I hate tarnish, I swear it is the work of the Devil. Not only do I hate it, I hate cleaning it, I hate the smell of it, and
it makes me TOTALLY grumpy when I have to sit at a show and clean tarnish from jewelry during set up. I try
very hard to keep things sealed to prevent this, but you can't prevent putting the jewelry out in the air at shows,
and when doing "outside" fair type shows, the humidity conspires with the air and tarnish to make me annoyed.
Brings to mind Marvin the Martian from Looney Tunes saying "OOH that makes me SOO ANGRY!"
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From Beading Daily
Lately, instead of buying brand-new sterling silver clasps, findings, and beads, I've been turning to a few new sources.
First, I've been practicing my wire working skills to make my own earring findings and clasps using my favorite sterling
silver wire and beads. Second, I haunt my local thrift shops, junk shops, and antique shops. There are treasures there,
and a lot of them are sterling silver! And of course, I go back and recycle findings and clasps from older projects or
projects that I never finished (gasp!).
The only downside to using recycled or up-cycled sterling silver is that sometimes it's in less-than-perfect condition.
When I get a beautiful piece of sterling that looks like it could use a little loving, I'll clean and polish it up.
Jean Campbell wrote a wonderful blog about this very topic a couple of years ago, and here's the method that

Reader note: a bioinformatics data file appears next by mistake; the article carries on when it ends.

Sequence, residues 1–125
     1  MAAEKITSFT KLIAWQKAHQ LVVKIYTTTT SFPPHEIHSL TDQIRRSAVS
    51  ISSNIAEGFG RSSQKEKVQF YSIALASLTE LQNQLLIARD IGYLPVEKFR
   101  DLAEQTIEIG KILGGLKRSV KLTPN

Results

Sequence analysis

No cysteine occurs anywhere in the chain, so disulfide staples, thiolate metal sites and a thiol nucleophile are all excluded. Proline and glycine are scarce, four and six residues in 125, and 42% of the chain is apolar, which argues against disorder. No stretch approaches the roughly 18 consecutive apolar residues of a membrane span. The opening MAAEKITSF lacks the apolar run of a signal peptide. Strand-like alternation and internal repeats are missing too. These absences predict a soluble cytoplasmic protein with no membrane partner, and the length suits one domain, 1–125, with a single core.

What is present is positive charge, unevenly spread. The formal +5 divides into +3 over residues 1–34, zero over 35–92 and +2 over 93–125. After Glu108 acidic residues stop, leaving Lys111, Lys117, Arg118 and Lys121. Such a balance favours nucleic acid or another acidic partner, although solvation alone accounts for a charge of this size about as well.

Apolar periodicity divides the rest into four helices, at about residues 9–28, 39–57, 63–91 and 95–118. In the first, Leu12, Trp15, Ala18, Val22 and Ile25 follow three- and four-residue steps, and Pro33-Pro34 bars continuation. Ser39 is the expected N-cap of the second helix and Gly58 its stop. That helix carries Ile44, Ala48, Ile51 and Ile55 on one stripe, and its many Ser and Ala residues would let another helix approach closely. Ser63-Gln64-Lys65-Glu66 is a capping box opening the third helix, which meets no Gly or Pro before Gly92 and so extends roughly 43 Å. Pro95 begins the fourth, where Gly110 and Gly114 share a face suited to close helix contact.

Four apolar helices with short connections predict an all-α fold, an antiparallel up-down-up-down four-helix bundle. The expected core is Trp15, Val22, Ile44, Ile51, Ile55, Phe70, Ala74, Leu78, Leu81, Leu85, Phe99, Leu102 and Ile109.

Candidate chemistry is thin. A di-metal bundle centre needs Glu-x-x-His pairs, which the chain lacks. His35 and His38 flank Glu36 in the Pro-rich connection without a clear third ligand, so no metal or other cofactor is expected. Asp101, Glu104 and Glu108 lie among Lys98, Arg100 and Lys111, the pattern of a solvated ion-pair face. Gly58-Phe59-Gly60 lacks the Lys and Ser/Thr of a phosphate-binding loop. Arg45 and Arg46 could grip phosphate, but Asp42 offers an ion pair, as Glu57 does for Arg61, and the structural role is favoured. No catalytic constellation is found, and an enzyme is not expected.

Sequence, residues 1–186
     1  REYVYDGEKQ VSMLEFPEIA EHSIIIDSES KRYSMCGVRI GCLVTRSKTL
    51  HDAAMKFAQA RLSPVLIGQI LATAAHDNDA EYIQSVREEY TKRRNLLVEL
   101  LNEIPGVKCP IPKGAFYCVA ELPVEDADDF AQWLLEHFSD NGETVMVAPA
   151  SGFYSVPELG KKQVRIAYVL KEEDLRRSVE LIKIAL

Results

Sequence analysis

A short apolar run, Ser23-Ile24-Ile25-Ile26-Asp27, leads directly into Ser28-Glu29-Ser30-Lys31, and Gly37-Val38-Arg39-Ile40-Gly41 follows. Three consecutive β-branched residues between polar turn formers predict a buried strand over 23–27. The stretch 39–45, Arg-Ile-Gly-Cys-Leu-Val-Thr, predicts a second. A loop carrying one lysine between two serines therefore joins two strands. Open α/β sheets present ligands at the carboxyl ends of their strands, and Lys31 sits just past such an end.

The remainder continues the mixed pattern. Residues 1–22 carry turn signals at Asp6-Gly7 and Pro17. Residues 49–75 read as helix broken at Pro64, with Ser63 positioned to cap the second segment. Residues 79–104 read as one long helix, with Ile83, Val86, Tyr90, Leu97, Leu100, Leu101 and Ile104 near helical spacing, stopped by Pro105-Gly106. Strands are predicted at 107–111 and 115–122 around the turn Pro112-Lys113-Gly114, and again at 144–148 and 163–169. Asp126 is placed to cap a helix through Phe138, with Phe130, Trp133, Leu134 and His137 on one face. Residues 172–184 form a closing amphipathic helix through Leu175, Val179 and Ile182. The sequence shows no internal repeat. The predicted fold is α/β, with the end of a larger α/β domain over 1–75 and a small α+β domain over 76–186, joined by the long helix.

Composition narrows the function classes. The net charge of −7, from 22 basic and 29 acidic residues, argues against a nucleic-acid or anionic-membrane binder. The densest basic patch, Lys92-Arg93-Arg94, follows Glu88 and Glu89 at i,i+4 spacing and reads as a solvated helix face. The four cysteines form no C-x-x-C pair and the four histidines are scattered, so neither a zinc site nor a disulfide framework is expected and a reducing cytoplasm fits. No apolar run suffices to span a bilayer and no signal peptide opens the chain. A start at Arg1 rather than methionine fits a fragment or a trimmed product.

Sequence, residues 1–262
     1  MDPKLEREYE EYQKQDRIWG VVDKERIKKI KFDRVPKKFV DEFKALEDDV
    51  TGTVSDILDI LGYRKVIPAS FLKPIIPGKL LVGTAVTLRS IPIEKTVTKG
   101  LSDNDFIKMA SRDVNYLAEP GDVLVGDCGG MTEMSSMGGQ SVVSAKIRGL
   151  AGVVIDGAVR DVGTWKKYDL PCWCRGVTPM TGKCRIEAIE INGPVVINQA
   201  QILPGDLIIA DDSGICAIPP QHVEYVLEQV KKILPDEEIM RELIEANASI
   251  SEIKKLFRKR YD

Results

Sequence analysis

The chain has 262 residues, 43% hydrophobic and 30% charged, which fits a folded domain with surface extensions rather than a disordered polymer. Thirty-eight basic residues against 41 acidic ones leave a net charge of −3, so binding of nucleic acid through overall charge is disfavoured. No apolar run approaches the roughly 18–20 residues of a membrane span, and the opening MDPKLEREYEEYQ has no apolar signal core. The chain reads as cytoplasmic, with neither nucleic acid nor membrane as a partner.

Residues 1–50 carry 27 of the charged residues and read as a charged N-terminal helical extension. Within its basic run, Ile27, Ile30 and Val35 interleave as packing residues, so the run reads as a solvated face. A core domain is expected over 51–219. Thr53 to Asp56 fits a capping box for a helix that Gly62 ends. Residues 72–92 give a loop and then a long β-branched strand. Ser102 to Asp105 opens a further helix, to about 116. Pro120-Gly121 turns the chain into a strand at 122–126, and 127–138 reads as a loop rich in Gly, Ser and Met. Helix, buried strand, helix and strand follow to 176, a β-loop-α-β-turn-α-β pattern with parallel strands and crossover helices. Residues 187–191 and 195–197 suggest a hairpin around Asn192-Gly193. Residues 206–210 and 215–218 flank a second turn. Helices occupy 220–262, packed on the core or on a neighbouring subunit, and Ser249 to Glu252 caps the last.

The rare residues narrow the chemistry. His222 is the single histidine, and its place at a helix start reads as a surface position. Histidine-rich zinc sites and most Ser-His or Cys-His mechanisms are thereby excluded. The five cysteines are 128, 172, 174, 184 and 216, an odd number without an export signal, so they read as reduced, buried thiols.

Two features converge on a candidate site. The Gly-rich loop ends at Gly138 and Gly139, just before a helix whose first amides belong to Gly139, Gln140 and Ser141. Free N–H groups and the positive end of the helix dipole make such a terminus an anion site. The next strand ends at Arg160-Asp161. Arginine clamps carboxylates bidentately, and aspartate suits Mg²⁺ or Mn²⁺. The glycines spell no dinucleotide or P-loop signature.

she tried for cleaning tarnished sterling silver:
You can clearly see the difference in the before and after photos here. Jean also used a soft toothbrush to completely
remove the rest of the tarnish from the beads and findings, but it didn't take much effort.
We're not sure how the chemical reaction would affect gemstones or other beads, and I would never try it with a piece
strung on silk, cotton, or nylon thread because of the hot water. But it went perfectly for this bracelet made of sterling silver,
freshwater pearls, and crystals strung on beading wire.
One word of caution: I wouldn't use the boiling hot water method with any handmade glass beads. If the beads aren't
properly annealed, there's always a chance that the boiling hot water can cause thermal shock and your lovely
handmade beads will crack.
Some other suggestions for cleaning up and caring for you tarnished sterling silver beads and findings:
Tuesday, May 17, 2011
Beading Tip for Tuesday
This is from Monday's Beading Daily Newsletter. Wonderful help with cleaning sterling silver beads and jewelry.
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